Poster Topical Area: Medical Nutrition
Location: Hall D
Poster Board Number: 654
Objectives: Our previous studies showed that high-iron (0.88% carbonyl iron) diet feeding of mice and rats lead to impaired growth, severe anemia, tissue copper depletion and cardiac hypertrophy.1,2 Interestingly, these physiological perturbations were prevented by adding extra copper to the high Fe diet, proving that they were the consequence of severe copper deficiency. Whether these pathophysiological changes could be reversed by copper treatment, however, is unknown. The current study was thus undertaken to test the hypothesis that Cu supplementation of dietary Fe overload mice could restore systemic copper status, and reverse the anemia and cardiac hypertrophy.
Results: Weanling, male C57BL/6 mice were fed AIN-93G-based diets containing adequate (~8 ppm) Cu in combination with adequate (~80 ppm) or high (~8000 ppm) Fe for 4 weeks. Then, the mice were given 20 mg/L Cu (as Cu sulfate) in drinking water for another 3 weeks. Subsequently, the iron and copper-related phenotype of the mice was assessed. High-Fe diet fed mice showed a significant growth impairment and systemic Cu deficiency, accompanied by severe anemia, decreased serum ceruloplamine (Cp) activity and cardiac hypertrophy. Cu replenishment via drinking water corrected the deficits in hemoglobin (Hb), hematocrit (HCT) and serum Cp levels, restored tissue Cu status, and reversed cardiac hypertrophy. It was further found that high-Fe feeding significantly impaired intestinal Cu absorption, and disturbed Cu tissue distribution.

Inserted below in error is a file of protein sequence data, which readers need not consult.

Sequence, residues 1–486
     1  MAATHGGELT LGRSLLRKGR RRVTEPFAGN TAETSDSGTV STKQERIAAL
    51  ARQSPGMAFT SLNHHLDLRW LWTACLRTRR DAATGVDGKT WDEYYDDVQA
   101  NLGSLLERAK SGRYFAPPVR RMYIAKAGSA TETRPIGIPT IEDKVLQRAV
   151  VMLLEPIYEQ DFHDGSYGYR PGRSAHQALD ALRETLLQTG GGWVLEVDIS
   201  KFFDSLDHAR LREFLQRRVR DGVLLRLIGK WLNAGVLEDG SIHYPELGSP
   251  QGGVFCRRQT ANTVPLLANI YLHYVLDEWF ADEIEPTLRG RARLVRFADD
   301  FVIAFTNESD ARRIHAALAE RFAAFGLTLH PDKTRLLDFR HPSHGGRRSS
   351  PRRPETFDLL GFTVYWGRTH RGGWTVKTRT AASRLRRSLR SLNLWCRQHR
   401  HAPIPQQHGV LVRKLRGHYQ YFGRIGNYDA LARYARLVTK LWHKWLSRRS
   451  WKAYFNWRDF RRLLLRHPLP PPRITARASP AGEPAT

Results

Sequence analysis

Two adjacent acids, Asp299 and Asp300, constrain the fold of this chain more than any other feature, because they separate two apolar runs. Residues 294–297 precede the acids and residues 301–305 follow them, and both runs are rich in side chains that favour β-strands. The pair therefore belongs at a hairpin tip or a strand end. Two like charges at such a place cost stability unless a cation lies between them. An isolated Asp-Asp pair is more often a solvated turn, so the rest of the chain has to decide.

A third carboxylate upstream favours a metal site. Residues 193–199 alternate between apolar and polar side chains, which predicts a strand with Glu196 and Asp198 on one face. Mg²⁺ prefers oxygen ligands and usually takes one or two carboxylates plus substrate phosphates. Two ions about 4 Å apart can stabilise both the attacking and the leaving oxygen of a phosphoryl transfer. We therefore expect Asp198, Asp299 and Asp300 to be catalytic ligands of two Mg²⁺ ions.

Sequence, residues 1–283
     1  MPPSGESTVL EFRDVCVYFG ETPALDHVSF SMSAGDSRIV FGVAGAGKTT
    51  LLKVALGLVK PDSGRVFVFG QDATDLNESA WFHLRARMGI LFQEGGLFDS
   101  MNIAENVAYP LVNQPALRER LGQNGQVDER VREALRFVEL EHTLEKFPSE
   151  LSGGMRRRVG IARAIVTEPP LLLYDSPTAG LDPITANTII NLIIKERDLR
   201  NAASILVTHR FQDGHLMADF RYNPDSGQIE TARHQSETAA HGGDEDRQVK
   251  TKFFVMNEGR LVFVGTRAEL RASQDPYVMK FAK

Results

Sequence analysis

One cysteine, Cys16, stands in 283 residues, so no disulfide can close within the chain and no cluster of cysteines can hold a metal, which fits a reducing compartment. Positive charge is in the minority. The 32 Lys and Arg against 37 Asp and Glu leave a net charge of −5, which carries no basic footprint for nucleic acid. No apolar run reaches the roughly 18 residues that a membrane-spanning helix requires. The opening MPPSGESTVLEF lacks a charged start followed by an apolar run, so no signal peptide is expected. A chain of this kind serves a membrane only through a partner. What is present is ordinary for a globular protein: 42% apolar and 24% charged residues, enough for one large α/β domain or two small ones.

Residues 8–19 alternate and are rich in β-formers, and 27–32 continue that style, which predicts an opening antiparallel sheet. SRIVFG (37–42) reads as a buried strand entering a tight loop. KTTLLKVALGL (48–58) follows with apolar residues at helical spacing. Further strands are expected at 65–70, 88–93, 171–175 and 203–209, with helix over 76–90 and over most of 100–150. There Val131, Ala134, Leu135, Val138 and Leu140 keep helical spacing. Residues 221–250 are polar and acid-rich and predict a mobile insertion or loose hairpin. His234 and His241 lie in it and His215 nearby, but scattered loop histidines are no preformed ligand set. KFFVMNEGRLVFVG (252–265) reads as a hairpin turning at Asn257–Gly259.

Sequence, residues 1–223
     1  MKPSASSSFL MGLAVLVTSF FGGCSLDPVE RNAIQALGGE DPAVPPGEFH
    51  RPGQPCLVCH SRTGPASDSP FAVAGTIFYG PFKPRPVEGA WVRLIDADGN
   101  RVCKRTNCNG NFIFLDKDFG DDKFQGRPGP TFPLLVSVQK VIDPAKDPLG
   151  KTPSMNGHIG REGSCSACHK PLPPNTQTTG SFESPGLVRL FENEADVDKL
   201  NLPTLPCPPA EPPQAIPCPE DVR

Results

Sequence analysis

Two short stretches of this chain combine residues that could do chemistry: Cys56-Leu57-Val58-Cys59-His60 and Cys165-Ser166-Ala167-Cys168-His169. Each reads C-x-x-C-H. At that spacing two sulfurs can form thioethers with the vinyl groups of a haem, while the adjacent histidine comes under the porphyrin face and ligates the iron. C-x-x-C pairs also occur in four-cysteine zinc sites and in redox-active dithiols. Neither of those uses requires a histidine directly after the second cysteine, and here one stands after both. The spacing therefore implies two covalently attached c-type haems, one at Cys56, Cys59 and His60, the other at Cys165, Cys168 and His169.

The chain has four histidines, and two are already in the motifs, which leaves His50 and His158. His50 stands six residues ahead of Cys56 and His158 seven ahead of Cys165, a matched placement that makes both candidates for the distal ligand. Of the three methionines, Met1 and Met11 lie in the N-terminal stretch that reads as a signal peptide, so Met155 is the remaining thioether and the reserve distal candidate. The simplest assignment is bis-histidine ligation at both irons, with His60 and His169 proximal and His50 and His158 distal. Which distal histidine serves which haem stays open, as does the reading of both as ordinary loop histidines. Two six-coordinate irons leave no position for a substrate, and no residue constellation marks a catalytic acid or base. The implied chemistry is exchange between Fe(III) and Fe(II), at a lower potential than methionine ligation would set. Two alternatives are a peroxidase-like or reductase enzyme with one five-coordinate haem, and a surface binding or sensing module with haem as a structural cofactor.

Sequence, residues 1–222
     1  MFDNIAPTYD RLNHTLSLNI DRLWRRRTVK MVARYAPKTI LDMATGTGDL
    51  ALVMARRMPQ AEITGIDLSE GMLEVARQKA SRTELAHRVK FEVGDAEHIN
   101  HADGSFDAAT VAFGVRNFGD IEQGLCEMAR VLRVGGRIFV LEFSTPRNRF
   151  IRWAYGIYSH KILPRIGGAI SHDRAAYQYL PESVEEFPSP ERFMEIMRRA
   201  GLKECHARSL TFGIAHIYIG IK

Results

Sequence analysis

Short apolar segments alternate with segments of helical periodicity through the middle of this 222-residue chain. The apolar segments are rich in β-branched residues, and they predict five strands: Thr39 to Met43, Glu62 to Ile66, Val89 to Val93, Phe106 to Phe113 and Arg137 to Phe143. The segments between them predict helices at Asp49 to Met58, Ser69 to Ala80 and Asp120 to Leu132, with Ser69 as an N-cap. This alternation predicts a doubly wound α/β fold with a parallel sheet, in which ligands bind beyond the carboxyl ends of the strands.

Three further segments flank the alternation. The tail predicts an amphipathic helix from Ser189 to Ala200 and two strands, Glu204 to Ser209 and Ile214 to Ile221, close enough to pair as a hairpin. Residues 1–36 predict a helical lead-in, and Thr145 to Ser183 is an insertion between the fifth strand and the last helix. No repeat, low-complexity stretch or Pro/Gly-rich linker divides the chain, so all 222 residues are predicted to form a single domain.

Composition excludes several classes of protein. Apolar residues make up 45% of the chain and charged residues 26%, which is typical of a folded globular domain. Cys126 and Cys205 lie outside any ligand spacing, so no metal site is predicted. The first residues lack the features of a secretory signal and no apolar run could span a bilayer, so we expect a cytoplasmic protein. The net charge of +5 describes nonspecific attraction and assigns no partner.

Conclusion: This study demonstrates that high Fe consumption blocks intestinal Cu absorption, leading to a systemic Cu deficiency which resulted in a severe anemia and cardiac hypertrophy in mice. Cu supplementation corrects these physiologic perturbations associated with high Fe consumption. These observations have important implications for investigators that utilize the dietary iron overload model in that high-iron feeding should likely be accompanied by copper supplementation to prevent these noted physiologic perturbations that are not directly related to tissue iron accumulation. Moreover, this study has provided further evidence of physiologically-relevant iron-copper interactions in mammals.
Chengdu, Sichuan, China (People's Republic)